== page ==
What is SASS?

If you have heard of people talking about SASS but you still don't quite get what it is, then this tutorial for you.  In this guide, I will give you a quick overview of what SASS is, how it works, why it's used and what features are included with it.

So.. What Is SASS?

SASS is an extension of CSS that was originally designed to overcome some of the limitations of CSS.  Back in the day, when designers just had CSS, working on giant monolithic CSS files in huge projects wasn't fun and life got very messy.  Updating and maintaining websites when you're just working in a single file becomes a nightmare over time.  Changing the colour palette for example, throughout a project involved a lot of find and replace and crossed fingers that typos didn't exist.

SASS does not fundamentally change how CSS works.  When you write your styles, you still use CSS as you always have and the end result will still be a CSS file.  The reason why you would use SASS is that SASS provides a set of handy features that make using CSS a lot easier.

SASS provides features like:

  • Importing files: In SASS you can import as many other SASS files as you like.  This means you can create a SASS file per page, per component, or, generally however you want to.  All these SASS files end up being compiled into a single CSS file.  Splitting your CSS up makes maintenance a lot easier.
  • Variables:  SASS  allows for defining things like colours and font-size in variables which can be re-used to prevent duplication and improve maintenance. 
  • Nesting: Instead of having to constantly write out the full CSS selector path on each style, you can use nesting to make your SASS more readable and reduce the amount of typos.
  • Operators: For mathematical operations, like less than, greater than
  • Mixins and functions: To create re-usable functions

How Does SASS Work?

SASS is a CSS preprocessor.  What this means is that you write your CSS in a file with a SASS extension.  You use a SASS pre-compiler to compile your SASS file into a normal regular CSS file.  The output is a normal CSS file. In your website, you will link to this CSS file so the website will not know the difference between CSS written in the traditional way and CSS that has been compiled in SASS.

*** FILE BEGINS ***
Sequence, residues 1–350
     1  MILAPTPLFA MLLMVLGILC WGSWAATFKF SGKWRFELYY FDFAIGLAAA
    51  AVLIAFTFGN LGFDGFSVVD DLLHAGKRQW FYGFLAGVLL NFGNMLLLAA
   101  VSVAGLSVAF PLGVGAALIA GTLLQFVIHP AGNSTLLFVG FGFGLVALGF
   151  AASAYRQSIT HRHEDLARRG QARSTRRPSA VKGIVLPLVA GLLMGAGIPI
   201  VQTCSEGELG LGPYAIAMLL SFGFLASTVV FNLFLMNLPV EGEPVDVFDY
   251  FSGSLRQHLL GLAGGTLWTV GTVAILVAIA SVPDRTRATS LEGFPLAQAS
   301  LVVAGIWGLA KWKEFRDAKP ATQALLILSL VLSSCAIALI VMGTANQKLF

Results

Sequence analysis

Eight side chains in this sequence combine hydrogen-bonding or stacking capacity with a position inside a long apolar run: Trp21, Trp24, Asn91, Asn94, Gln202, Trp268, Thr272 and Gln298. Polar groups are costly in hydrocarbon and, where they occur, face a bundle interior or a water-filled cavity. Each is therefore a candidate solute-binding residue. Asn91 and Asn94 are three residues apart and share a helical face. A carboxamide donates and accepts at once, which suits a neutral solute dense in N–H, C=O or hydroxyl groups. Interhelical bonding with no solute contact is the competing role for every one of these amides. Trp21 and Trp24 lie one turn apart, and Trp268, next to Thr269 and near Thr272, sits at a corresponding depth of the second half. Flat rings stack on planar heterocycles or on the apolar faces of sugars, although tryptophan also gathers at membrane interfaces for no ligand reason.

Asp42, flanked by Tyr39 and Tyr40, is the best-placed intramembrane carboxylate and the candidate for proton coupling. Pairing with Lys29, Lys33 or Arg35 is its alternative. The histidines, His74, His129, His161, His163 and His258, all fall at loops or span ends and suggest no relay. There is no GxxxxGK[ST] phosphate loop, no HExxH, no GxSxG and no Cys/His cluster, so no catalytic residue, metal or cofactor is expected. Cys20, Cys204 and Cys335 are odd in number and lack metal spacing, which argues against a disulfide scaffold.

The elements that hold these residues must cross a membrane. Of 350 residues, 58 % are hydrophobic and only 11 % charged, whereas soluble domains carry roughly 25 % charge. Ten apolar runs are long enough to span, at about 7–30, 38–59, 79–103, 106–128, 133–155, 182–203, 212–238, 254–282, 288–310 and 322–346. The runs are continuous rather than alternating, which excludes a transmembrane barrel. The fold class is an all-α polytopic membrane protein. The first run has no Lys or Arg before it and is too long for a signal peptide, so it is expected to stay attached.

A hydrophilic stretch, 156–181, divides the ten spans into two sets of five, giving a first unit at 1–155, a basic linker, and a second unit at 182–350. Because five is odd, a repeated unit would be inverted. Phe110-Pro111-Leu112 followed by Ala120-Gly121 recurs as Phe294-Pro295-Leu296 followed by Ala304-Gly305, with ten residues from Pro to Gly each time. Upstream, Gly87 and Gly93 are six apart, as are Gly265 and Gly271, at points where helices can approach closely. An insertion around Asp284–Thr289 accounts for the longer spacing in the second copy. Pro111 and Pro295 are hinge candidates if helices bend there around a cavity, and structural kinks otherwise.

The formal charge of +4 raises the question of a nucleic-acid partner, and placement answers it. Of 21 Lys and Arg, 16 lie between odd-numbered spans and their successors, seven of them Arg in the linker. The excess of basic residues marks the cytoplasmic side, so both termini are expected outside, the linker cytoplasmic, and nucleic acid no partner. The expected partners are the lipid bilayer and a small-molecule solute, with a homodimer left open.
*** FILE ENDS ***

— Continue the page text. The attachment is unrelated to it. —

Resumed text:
SASS is not the only CSS processor, other popular pre-processors include LESS and stylus.  SASS can be used in two different syntaxes, SASS and SCSS.  If you come across either of these acronyms then they are still using SASS, it's just that the layout and the filename extensions will be slightly different.

How Do I Get Started With SASS?

As SASS is a pre-processor you will need a tool that will compile your SASS into CSS.  There are many tools available for free that you can use depending on what operating system you are working on, the size of the team you are working with and your preferences.

In general, you will need to install NPM and node.js to use SASS.   NPM is a package manager that gives you access to a huge library in re-usable components.  I won't go into all the different permutations of using SASS in this tutorial as that's its own subject.  If you want a MAC and just want a way to get up and running then I suggest you look into node-sass though :)


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Jon D Jones

Software Architect, Programmer and Technologist Jon Jones is founder and CEO of London-based tech firm Digital Prompt. He has been working in the field for nearly a decade, specializing in new technologies and technical solution research in the web business. A passionate blogger by heart , speaker & consultant from England.. always on the hunt for the next challenge

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